What Is a Debt/Equity Swap?
A debt/equity swap is a transaction where the obligations or debts of a company or individual are exchanged for something of value, to be specific, equity. On account of a public corporation, this generally involves an exchange of bonds for stock. The value of the stocks and bonds being exchanged not entirely settled by the market at the hour of the swap.
Understanding Debt/Equity Swaps
A debt/equity swap is a refinancing deal in which a debt holder gets a equity position in exchange for the cancellation of the debt. The swap is generally finished to assist a striving company with proceeding to operate. The logic behind this is a ruined company can't pay its debts or further develop its equity standing. Be that as it may, here and there a company may essentially wish to exploit positive market conditions. Contracts in the bond indenture might keep a swap from occurring without consent.
In cases of bankruptcy, the debt holder doesn't have a decision about whether he needs to make the debt/equity swap. Nonetheless, in different cases, he might have a decision regarding this situation. To tempt individuals into debt/equity swaps, businesses frequently offer advantageous trade ratios. For instance, in the event that the business offers a 1:1 swap ratio, the bondholder gets stocks worth the very same amount as his bonds, not a particularly advantageous trade. Nonetheless, on the off chance that the company offers a 1:2 ratio, the bondholder gets stocks valued at two times however much his bonds, making the trade seriously captivating.
Why Use Debt/Equity Swaps?
Debt/equity swaps can offer debt holders equity in light of the fact that the business would rather not or can't pay the face value of the bonds it has issued. To defer repayment, it offers stock all things considered.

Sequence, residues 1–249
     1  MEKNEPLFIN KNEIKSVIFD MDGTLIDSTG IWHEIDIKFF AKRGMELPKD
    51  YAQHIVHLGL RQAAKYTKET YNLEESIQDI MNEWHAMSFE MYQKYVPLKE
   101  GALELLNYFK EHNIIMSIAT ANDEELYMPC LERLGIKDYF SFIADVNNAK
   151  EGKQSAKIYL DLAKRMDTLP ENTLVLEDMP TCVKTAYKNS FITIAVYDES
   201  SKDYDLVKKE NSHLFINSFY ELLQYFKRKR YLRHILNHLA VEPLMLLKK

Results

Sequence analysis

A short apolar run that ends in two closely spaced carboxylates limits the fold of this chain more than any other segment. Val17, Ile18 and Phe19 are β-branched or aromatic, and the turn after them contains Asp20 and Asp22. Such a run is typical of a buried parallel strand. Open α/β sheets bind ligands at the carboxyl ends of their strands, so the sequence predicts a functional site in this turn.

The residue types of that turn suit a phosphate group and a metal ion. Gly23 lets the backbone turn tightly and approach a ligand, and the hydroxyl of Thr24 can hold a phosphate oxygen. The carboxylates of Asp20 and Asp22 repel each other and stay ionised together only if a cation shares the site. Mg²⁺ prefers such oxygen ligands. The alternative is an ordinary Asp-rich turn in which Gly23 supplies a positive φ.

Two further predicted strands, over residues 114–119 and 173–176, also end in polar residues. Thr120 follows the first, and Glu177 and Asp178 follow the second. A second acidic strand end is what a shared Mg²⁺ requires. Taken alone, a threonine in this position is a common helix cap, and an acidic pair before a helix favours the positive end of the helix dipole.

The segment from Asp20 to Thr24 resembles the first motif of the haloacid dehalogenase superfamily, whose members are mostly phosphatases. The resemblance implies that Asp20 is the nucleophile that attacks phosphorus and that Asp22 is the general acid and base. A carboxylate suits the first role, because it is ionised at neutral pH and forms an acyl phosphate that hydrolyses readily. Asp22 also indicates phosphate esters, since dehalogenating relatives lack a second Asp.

In different cases, businesses need to keep up with certain debt/equity ratios and welcome debt holders to swap their debts for equity assuming the company assists with changing that balance. These debt/equity ratios are many times part of financing requirements forced by lenders. In different cases, businesses use debt/equity swaps as part of their bankruptcy restructuring.
Debt/Equity and Bankruptcy
In the event that a company chooses to declare bankruptcy, it has a decision between Chapter 7 and Chapter 11. Under Chapter 7, the business' all's debts are wiped out, and the business does not operate anymore. Under Chapter 11, the business proceeds with its operations while restructuring its finances. By and large, Chapter 11 reorganization drops the company's existing equity shares. It then reissues new shares to the debt holders, and the bondholders and creditors become the new shareholders in the company.
Debt/Equity Swaps versus Equity/Debt Swaps
An equity/debt swap is something contrary to a debt/equity swap. Rather than trading debt for equity, shareholders swap equity for debt. Basically, they exchange stocks for bonds. Generally, Equity/Debt swaps are directed to work with smooth mergers or restructuring in a company.
Illustration of a Debt/Equity Swap
Assume company ABC has a $100 million debt that it can't service. The company offers 25% percent ownership to its two debtors in exchange for discounting the whole debt amount. This is a debt-for-equity swap in which the company has exchanged its debt holdings for equity ownership by two lenders.
- Debt/equity swaps include the exchange of equity for debt to discount money owed to creditors.
- In a bankruptcy case, the debt holder is required to make the debt/equity swap, yet in different cases, the debt holder might opt to make the swap, gave the offering is a monetarily positive one.
- They are generally led during insolvencies, and the swap ratio among debt and equity can differ in view of individual cases.